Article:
Greenwich Village: Culture and Counterculture

Rick Beard, Editor, Leslie Cohen Berlowitz, Editor Rutgers University Press $32.95 (420p) ISBN 978-0-8135-1946-3
Everything you ever wanted to know about Manhattan's Greenwich Village is contained in this remarkable look at arguably America's last true bohemian outpost. Edited by Beard, executive director of the Atlanta Historical Society, and Berlowitz, director of the Humanities Council, New York University, this work evolved from a series of public lectures co-sponsored by the Museum of the City of New York and NYU's Humanities Council in 1990-91 and presented in conjunction with the exhibition ``Within Bohemia's Borders: Greenwich Village, 1830-1930.'' Written by various scholars, the essays focus on such diverse aspects of Village lore as: archeological digs on Greenwich Street; a history of Christopher Street; the importance of the Seventh and Sixth Avenue subway lines that helped ``open up'' the Village to the outside; the black community, which has been a major part of Village life since the 17th century; the contributions of other ethnic groups such as the Italians, Germans and Irish; Village writers and artists; the Beat Generation; architecture and the history and importance of Washington Square. Containing 149 black-and-white rare and interesting illustrations, this volume is an excellent source for the Villager, the historian, the tourist. (July)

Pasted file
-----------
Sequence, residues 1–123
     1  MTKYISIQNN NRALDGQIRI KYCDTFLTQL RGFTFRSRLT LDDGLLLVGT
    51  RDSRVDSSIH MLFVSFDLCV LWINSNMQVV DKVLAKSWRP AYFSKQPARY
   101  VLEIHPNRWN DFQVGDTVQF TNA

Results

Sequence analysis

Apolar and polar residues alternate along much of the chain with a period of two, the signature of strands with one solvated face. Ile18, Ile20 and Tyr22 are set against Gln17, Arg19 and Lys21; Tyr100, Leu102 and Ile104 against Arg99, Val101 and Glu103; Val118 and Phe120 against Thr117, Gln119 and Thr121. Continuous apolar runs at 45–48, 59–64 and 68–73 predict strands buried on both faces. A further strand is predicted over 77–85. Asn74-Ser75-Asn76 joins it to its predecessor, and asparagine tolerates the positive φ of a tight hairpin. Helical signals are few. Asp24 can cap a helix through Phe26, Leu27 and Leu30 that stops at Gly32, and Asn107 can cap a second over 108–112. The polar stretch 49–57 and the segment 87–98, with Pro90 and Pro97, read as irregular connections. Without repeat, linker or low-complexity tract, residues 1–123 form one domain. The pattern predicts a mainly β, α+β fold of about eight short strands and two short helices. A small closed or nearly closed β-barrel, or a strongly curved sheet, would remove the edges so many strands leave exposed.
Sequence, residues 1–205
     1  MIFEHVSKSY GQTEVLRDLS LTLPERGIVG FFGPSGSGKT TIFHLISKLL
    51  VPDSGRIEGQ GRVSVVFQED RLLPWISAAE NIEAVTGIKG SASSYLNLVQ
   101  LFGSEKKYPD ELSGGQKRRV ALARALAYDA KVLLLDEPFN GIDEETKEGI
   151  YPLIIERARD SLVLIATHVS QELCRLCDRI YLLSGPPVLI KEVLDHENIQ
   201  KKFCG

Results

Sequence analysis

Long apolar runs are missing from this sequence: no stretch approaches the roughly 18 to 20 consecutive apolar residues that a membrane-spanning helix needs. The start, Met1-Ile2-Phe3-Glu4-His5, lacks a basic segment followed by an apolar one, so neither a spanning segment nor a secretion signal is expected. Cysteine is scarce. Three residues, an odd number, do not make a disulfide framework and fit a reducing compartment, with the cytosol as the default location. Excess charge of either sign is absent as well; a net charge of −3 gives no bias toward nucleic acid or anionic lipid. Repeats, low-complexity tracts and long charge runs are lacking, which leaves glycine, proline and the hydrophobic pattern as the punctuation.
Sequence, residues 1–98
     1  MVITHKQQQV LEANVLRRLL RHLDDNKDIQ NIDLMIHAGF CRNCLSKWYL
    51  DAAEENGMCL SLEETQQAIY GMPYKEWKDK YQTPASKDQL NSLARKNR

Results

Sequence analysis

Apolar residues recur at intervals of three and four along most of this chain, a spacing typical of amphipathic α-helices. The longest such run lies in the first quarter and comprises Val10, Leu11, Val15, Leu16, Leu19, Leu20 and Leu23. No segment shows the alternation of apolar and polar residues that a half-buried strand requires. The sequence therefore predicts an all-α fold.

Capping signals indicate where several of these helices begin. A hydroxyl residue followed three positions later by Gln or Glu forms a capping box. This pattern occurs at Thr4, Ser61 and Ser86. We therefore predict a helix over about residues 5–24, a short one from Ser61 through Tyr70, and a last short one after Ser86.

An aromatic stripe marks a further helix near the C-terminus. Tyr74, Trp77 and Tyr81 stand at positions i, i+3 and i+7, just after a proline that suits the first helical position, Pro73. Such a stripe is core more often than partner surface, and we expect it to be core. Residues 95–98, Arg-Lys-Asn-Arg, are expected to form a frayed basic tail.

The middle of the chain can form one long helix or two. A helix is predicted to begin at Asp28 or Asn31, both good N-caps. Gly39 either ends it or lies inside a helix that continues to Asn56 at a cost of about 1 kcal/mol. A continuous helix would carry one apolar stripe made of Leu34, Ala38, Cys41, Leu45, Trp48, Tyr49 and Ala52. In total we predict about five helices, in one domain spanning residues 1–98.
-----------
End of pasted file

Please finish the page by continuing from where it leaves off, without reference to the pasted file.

Reviewed on: 05/31/1993
Release date: 06/01/1993
Paperback - 420 pages - 978-0-8135-1947-0
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